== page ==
The Teacher

Dr. Meghan Walsh is reluctant to lead with titles & CV’s. It’s the thesis behind her strategy to collaborate together on featuring women Docs on a style & fashion blog. In her professional culture, it’s all about the CV, the research and the degrees. The humanity of doctors gets reduced to accomplishments.

Dr. Meghan Walsh is reluctant to lead with titles & CV’s. It’s the thesis behind her strategy to collaborate together on featuring women Docs on a style & fashion blog. In her professional culture, it’s all about the CV, the research and the degrees. The humanity of doctors gets reduced to accomplishments. She wanted to see what it would be like to put them in an environment where they had to talk and think about themselves first.

Meeting with each, very accomplished woman, I found that it was easy for them to talk about their work and their patients. These are women who can literally save lives, so I see where that would be easy to talk about.

When the questioning turned personal, the answers didn’t come as easy. I suspect it’s because they rarely do think about themselves. They have so many others to consider. I found it to be in stark contrast to the interviews I conducted with women in the creative field. I suspect that is because, as creative women, we’re constantly in a state of expressing ourselves. It’s part of the process we have to leverage to make things for the brands we work for.

Dr. Walsh’s experiment also stretched me to think more about what style means, who I show up as conducting interviews and how I write about my subjects. I found myself feeling really unworthy to interview these women. See, I work in retail, and while I love my job, I also think that the work I do isn’t as important when compared to them. These doctors can work anywhere in the world and they all choose to work at a hospital that embraces communities of people who the rest of the world discards. That is very different than debating red lipstick trends for spring. Don’t get me wrong, I still love retail, it’s just nice to get hit with a little perspective once and while. Helps with gratitude.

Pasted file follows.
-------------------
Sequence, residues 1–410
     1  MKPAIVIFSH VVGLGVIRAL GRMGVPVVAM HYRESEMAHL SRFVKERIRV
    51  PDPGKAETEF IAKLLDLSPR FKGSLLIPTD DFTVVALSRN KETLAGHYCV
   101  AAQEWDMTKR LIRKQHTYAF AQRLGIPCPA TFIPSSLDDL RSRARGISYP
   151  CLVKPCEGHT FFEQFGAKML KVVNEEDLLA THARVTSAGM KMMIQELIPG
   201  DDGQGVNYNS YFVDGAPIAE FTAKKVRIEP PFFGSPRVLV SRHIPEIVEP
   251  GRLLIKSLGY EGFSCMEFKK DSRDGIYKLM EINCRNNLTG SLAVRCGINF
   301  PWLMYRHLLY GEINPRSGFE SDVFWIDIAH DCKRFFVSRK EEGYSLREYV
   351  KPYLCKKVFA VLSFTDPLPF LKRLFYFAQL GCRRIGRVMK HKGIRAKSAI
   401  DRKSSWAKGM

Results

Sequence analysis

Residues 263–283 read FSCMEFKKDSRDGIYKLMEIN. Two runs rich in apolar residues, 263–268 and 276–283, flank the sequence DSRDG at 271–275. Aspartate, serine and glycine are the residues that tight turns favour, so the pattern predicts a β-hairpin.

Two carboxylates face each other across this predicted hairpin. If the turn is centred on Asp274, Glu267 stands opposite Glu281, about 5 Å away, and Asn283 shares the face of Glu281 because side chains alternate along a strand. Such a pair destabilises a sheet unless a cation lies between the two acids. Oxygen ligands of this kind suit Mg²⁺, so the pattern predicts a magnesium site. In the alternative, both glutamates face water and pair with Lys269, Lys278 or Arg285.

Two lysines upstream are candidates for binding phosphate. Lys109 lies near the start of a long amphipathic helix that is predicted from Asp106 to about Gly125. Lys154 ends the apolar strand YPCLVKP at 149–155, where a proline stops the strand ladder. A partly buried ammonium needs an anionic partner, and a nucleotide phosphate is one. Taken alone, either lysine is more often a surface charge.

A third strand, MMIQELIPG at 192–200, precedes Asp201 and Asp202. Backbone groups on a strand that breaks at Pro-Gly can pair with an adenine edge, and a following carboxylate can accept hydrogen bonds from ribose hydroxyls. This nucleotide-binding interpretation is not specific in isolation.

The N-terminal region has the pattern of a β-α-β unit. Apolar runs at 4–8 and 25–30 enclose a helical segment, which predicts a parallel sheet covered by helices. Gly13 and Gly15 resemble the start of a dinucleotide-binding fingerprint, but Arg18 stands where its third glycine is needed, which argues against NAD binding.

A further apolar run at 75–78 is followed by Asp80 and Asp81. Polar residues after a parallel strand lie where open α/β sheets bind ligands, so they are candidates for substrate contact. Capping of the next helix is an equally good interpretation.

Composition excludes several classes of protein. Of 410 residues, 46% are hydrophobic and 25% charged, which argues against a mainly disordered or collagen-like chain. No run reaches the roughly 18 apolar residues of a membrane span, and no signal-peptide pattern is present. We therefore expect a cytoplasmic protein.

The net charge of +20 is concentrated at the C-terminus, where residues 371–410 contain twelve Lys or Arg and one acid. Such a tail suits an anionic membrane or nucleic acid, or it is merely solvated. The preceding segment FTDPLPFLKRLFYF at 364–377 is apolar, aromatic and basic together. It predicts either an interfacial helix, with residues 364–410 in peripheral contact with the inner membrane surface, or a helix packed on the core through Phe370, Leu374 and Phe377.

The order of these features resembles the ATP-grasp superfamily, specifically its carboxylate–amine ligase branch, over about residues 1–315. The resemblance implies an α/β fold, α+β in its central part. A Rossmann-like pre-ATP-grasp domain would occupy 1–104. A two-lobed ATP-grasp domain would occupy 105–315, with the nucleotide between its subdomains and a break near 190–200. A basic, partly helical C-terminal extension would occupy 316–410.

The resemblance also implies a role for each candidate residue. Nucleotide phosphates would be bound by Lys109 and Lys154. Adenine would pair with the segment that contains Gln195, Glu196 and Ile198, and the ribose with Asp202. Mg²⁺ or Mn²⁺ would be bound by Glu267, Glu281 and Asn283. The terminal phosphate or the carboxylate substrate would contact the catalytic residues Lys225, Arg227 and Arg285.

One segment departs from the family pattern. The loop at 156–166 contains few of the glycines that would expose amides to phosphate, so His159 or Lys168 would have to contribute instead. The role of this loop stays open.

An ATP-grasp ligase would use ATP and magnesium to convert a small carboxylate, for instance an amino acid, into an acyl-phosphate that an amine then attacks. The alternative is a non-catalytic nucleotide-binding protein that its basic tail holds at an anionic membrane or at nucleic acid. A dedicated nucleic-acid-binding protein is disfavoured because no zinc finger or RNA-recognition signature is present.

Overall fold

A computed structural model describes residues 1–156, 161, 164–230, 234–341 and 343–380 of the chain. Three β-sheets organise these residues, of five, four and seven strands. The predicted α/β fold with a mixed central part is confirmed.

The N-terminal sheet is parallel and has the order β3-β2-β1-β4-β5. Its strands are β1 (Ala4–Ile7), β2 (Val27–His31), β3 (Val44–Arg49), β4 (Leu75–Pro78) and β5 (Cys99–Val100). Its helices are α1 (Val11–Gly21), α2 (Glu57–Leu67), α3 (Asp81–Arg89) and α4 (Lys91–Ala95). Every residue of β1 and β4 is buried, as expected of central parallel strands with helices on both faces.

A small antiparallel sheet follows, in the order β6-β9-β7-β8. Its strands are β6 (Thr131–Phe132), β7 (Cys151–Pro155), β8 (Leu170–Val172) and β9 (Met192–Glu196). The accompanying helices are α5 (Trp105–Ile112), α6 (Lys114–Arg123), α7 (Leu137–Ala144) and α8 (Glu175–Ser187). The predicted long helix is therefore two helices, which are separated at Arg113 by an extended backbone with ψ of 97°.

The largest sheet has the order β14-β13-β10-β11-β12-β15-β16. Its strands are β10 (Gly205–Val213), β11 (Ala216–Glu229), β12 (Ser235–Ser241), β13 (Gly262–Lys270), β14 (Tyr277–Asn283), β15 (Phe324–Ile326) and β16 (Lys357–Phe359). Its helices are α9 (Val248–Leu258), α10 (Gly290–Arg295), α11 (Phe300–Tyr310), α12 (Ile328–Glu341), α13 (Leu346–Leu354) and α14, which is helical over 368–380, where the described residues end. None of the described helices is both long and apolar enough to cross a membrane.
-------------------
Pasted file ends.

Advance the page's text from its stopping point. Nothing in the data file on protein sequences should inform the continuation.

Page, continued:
What I also discovered through this process is that the doctors were feeling unworthy to be featured on a style blog. It was really hard for them to get out of their heads, be vulnerable in front of a camera, and have articles published about them. Worried texts were sent, articles were edited, fear was expressed.

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As I was reflecting about how everything transpired over the past few weeks, I realized that this perfectly illustrates how Meghan operates as a teacher.